In a recessionary environment, the fly fisher will hunger for bargains. Manufacturers will flood their SKU list, and drown the market in leftovers. That is always “the way it has been.” But if retailers presume that their revenue will always be “the way it has been” and don’t act in accordance with the changing tide, an empty shop and an empty cash register is the way it’s gonna be.

Why Marmot (and their gear) is worth its weight in gold

Gold prices notwithstanding, this is unsolicited and extraordinarily well-deserved praise

I own a bit of Marmot gear, mostly outerwear, and it’s not because I’m spoiled or have money to burn – despite being twice the price of what you’d call “comparable” items, their stuff just seems worth it. Reasoning: it’s apparent when looking at their gear that the company pays attention to details – I’m an accountant…details are good. One of my favorite pieces was this Marmot PreCip jacket I’d had for several years – it served duty as a rainy spring/summer day protector, mostly on dog walks, but also the occasional misty hike. Never abused, its exterior still looked like new.

Unfortunately, on one of those rainy days I noticed my shoulders were feeling a little damp. After returning home, I further noticed that the interior waterproofing material had started to show some significant wear…more significant than should have been apparent with anything but everyday use in the Pacific Northwest (where I spend almost no time). I decide to send this precious garment off to see if something could be done about it. That was April 15th.

Yesterday, I received a warranty claim ticket, saying the jacket had been received and the estimated turnaround time was four to six weeks (while strangely saying “as of 2/08”). It only took one more day to figure out what that claim ticket meant. This morning a package arrived. It was sent priority mail. It contained this:

marmot-precip

…a new PreCip jacket, in the package. Marmot must have figured that spring was well on its way, and that I needed this jacket back pronto. Smart, very smart, especially considering the fact that after I saw the prospective wait time the day before, I’d already started looking for a new jacket (and had even put a few bids on one in my size via eBay). Ridiculously good customer service – ranks right up there with my charming time at Orvis.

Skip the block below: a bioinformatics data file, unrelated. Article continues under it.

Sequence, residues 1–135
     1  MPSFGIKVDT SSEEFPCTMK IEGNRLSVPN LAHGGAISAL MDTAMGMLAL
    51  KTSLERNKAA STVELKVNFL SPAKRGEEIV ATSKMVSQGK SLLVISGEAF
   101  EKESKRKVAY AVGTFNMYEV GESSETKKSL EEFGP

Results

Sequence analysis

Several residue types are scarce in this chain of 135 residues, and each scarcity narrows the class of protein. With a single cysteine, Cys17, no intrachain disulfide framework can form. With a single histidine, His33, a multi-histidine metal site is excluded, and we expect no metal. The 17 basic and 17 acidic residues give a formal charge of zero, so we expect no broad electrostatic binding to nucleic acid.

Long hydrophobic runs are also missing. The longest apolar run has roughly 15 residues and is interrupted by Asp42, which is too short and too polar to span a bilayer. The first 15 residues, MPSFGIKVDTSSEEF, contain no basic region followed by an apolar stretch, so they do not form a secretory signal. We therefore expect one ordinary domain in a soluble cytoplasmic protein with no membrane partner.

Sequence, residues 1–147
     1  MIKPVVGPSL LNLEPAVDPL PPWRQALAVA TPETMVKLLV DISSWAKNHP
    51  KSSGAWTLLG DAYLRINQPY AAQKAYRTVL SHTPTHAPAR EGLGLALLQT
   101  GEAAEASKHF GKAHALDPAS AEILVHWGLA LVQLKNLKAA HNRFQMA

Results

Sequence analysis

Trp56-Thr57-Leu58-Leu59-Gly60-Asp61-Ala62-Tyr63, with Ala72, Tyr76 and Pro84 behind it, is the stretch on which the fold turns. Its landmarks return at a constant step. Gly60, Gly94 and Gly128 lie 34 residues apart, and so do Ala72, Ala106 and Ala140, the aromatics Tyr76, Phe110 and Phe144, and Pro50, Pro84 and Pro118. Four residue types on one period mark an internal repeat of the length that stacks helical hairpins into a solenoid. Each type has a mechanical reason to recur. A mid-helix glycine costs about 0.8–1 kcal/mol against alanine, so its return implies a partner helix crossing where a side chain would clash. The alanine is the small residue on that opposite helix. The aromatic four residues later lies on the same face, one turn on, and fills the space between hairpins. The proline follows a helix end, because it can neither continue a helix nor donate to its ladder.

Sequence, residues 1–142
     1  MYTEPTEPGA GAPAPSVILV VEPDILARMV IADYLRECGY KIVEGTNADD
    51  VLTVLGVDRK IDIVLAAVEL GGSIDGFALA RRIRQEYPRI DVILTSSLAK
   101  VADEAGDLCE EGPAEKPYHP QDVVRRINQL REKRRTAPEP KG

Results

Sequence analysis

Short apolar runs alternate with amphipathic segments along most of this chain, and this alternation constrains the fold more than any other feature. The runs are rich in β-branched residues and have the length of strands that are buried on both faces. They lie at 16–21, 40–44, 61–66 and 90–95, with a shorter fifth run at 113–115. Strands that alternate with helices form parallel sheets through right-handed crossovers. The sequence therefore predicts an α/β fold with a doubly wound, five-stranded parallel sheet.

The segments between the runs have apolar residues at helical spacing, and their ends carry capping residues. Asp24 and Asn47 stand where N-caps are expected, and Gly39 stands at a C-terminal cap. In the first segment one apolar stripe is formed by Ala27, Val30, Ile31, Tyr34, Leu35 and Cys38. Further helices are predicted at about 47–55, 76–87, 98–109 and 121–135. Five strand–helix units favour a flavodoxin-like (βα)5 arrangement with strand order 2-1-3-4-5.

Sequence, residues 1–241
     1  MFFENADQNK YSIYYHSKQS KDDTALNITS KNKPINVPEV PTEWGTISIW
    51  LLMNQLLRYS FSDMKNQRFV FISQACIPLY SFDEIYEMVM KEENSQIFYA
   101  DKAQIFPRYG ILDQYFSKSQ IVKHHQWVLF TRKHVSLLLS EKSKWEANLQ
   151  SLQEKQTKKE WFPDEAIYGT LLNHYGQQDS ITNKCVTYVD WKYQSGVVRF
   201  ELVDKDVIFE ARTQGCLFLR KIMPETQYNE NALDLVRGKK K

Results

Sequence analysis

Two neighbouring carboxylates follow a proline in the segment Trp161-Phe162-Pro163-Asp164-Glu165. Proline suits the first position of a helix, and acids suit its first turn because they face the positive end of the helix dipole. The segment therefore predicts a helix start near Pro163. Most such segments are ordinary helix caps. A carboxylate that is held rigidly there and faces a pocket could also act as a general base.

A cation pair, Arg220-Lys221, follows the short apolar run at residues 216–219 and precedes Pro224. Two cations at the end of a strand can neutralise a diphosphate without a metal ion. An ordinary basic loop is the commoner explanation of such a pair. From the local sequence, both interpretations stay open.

PS: Jeez…they even gave me a better color than the one from before. I think these folks should go into the fishing gear business and distribute through Orvis – I’d be like a walking billboard for that deal!

What Google should really do with FeedBurner

Several years ago, Google developed a simple concept called AdSense. You sign up, a robot approves your site, and pretty soon you are making millions from the ads you display next to the outstanding content you create. What Google didn’t consider at the time (IMHO) was the customer service mess they were creating. Tons of ads on a myriad of platforms, placed there by a multitude of folks that may be less than technology savvy. I can’t remember having any deadly problems with AdSense or most any other Google service, but I’ve heard the horror stories. You inquire about an issue and receive an automated response. Generally, it is dumbed down below solution level. You reply to that response, and receive another inadequate recommendation obviously pulled from an unknowledgeable knowledge base. You ask a more difficult question, and the discussion magically (and abruptly) ends. It is a testament to the unimportance of the “little guy,” but it is something a now ubiquitous publicly traded organization full of geniuses should have thought about anyway.

Enter FeedBurner.

The service is, for the most part, seamless and simple. Any joker can sign up and enter the URL of their feed, hence creating a new feed which they can then load with clickable goodies and view readership statistics on. Kind of like AdSense, but that’s about where the similarities end.

FeedBurner’s customer service approach, summarized in a single word, rocks! The site itself is inundated with humor and a touch of kindness. They maintain ultimate transparency through searchable forums full of knowledgeable company moderators. And their response to inquiries, however automated they may be, are comprehensive and targeted in such a way to make the client feel comfortable, and wanted. I’ll admit that FeedBurner is a technologically proficient service, but even if it tripped and fell in that regard it wouldn’t matter. Someone in the marketing department got together with someone in the customer service department and created many dimes of the $100 million Google just paid for the company.

Instead of spending their time building the next online spreadsheet that no business in their right mind should ever use, Google should go through the customer relationship portion of the FeedBurner subsidiary with a fine toothed comb. The view should be adopting as much of the “attitude” that FeedBurner exudes as possible. There is incredible value there.

As a side note, I believe people should watch the results of this acquisition closely. Should Google choose to assimilate FeedBurner into their organization in such a way that dry, ineffective, dead end customer communication becomes the norm, there will be opportunities for others to step in. Also, I’ve attached the context of an email I received from FeedBurner regarding the (now free) MyBrand feed service. The offering is definitely not for the layman, but FeedBurner clearly and effectively points this out while giving the technical set everything they need to know to implement. It is a classic example of getting the right information into the right hands, while simultaneously detering the simply curious from getting themselves (and their network) into a world of chaos. Bravo.

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Dell Did Not Make This Up

And niether did Jeff Matthews. Matthews is finally tiring of Dell’s plummenting technical support quality. I am wondering why it took a smart guy so long to figure this out.